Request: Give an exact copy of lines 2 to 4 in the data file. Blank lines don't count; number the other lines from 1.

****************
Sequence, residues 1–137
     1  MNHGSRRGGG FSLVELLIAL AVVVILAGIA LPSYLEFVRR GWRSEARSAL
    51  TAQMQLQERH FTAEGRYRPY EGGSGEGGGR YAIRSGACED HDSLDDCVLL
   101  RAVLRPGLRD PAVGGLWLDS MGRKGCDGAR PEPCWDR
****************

     1  MNHGSRRGGG FSLVELLIAL AVVVILAGIA LPSYLEFVRR GWRSEARSAL
    51  TAQMQLQERH FTAEGRYRPY EGGSGEGGGR YAIRSGACED HDSLDDCVLL
   101  RAVLRPGLRD PAVGGLWLDS MGRKGCDGAR PEPCWDR